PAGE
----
It has been a long road for the European Central Bank and its head Jean Claude Trichet. In less than a year, the most anti-inflationary of the world’s central banks has moved from strict monetary conservatism to the verge of sub 1.0% interest rates and to serious consideration of quantitative easing, leaving many principles in its wake.
It is not the fact that the ECB has followed the rest of the world’s central banks in pouring liquidity into the banking and monetary systems of Europe that is surprising but that at almost every step of the road they have either denied that such actions were contemplated or indicated that the end to these policies could be imminent. Their rhetoric has proved a far less than perfect guide to their actions.
The unexpected rebound in the German ZEW and Ifo Surveys and the surge in world equity markets have given the ECB bankers the latest hope that the recession may be reaching a bottom and that they may be able to break off their uncomfortable flirtation with accommodative American style central bank policy.
But the history of ECB policy, particularly since last July, tells us that it is not the stated and principled limits of policy that foretell bank actions but the economic and political conditions of the European Monetary Union that matter most.
Or to put it more plainly, sub 1.0% rates which at one time were anathema are now the very likely next step. Quantitative easing may still be unlikely, but can anyone doubt that if the European economies continue to deteriorate that the ECB will emulate the Federal Reserve and the Bank of England and intervene directly in the financial system by purchasing debt. Even a zero rate policy, firmly ruled out by board members and Mr. Trichet himself cannot be considered wholly impossible.
The correct guide to future ECB policy is not the limits of what the Bank promulgates as sound monetary and interest rate policy but what is politically and economically necessary. The influence of the Federal Reserve and the Bank of England is preponderant. In many ways Ben Bernanke is a better guide to ECB policy than Mr. Trichet, Axel Weber or Peer Steinbruck the German Finance minister.
In considering future ECB policy it is important to keep in mind the recent history of the Bank’s reaction to the financial crisis. It was the Bank’s inability to correctly assess the impact of the American sub-prime problem and its worldwide manifestation through asset-backed securities on European economies that put the Bank into the box where it was forced to cut rates while publicly downplaying the need for its doing so.
Shorn of accurate economic banking and fiscal foresight, the ECB’s first response to the crisis was denial. The US Federal Reserve began reducing rates in the fall of 2007. The ECB did not move until almost a year later. The 0.25% rate increase that the ECB enacted in July 2007 must rank as one of the most egregious misreading of an economy in central bank history.
The recession and its attendant economic problems have forced the ECB to follow the same policies as the Fed and the Bank of England, but with the burden of starting much later and with much weaker tools.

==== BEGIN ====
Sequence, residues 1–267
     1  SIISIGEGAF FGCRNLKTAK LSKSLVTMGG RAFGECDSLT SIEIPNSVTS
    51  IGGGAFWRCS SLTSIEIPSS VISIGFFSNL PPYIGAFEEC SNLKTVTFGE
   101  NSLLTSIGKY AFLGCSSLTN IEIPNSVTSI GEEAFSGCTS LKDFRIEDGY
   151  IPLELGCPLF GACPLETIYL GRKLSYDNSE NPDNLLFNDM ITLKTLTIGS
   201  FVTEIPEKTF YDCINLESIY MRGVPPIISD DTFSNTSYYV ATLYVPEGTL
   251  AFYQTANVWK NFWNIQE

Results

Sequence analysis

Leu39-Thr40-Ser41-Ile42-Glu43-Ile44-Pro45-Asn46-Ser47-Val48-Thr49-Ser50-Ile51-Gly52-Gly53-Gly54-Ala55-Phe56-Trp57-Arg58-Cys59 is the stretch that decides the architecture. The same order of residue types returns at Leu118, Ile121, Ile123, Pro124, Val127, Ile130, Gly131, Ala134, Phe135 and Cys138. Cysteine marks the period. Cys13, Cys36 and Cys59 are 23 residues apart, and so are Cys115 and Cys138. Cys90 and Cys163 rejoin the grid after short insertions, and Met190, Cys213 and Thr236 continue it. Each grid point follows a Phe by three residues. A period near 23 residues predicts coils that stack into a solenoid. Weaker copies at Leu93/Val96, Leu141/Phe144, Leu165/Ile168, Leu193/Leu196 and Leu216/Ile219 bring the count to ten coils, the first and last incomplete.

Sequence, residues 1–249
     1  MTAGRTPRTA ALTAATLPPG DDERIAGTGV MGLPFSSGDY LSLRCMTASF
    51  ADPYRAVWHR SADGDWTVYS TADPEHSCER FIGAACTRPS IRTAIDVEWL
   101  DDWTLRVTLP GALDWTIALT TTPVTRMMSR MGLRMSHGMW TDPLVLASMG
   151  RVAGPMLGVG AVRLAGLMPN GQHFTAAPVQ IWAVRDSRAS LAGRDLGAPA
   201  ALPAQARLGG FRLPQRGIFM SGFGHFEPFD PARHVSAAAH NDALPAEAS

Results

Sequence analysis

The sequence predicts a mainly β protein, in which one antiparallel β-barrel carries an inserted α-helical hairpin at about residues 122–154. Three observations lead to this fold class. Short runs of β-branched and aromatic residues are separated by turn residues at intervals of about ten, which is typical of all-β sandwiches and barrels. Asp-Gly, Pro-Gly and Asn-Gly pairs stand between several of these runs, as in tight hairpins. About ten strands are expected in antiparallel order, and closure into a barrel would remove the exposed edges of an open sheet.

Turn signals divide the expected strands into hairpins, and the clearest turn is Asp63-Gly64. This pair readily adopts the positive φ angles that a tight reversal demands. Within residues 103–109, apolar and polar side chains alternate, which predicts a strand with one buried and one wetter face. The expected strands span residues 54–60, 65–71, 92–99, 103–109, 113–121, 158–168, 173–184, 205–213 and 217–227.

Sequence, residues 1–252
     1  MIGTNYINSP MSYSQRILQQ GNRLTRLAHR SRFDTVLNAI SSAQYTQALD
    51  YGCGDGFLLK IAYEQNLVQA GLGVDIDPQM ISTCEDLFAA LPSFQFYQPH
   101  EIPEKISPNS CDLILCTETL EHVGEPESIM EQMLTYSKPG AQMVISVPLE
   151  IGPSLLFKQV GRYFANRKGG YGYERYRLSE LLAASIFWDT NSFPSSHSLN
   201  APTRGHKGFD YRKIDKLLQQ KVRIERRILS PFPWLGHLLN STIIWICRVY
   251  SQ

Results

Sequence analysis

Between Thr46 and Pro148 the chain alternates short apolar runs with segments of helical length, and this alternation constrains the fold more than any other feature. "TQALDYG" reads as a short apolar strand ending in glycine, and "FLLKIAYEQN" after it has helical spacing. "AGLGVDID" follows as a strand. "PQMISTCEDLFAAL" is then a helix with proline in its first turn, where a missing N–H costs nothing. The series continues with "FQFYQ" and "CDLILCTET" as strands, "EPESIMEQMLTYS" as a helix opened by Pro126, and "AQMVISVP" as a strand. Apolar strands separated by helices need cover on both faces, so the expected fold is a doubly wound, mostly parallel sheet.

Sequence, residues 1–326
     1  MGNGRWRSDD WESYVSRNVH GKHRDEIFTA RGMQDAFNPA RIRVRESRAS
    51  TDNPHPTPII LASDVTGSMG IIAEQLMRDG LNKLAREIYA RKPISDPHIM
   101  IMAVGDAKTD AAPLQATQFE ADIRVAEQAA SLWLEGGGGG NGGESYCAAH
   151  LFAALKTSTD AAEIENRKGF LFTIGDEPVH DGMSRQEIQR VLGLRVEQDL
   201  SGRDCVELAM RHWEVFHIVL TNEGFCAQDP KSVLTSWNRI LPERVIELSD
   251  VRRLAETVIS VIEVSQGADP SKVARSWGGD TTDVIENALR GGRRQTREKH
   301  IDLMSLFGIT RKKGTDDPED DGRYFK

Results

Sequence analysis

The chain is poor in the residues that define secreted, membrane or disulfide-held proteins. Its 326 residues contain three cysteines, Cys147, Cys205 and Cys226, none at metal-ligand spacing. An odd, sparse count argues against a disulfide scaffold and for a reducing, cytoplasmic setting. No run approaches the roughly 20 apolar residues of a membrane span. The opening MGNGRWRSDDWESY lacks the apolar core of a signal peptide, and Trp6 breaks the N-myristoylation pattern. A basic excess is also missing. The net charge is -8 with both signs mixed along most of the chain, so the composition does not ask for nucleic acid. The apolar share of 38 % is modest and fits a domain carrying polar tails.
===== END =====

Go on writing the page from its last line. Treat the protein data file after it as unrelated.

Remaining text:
The response of the British and American institutions to the financial crisis began with standard interest rate and policy tools but quickly metamorphosed into an almost unlimited intervention into capital markets and many parts of the economic system itself.
In Europe it has been the national governments not the central bank that have taken most of the burden of economic rescue. In Germany and France, it was national governments alone, largely without the direct help of the central bank that rescued bankrupt banks and lending institutions.
The political makeup of the European Monetary Union, 16 separate governments, and the distinction that the ECB was created with any supervisory responsibilities has permitted the central bank to maintain a veneer of rhetoric about its policy and future intentions.
The blind spot of the ECB is that it has mistaken rhetoric for action because it does not have to shoulder the same responsibility as the other central banks. It is not the primary banking institution in the constituent countries of the EMU. The primary regulator remains the national government. This is the main reason why the ECB appeared to be blindsided when the banking crisis reached Europe. How could the central bank not have known the extent of the asset-backed infection of the continental banking system? The only conclusion possible is that the national central banks who should have known did not tell them.
But despite its different construction, the ECB has in essence the same policy as the Fed and the BOE, though they cannot make the same forthright case for it. The Bank will do whatever is effective and needed within their legal limits to mitigate the financial and economic effects of this recession and to prevent the meltdown of the financial system.
The upshot of the limited responsibility and imperfect information of the ECB is that its credibility, so carefully cultivated since its inception has crumbled under the weight of its first true crisis. The ECB may say that zero rates are unacceptable, but are they really? Should we give credence to the rhetoric of the Bank, or as the phrase goes, ‘who are you going to trust me or your own lying eyes’? In judging future ECB policy it is probably safe to disregard what they say unless it jibes with the dictates of economic conditions. To put it another way, the ECB will not have a zero rate policy or adopt quantitative easing until economic necessity demands it.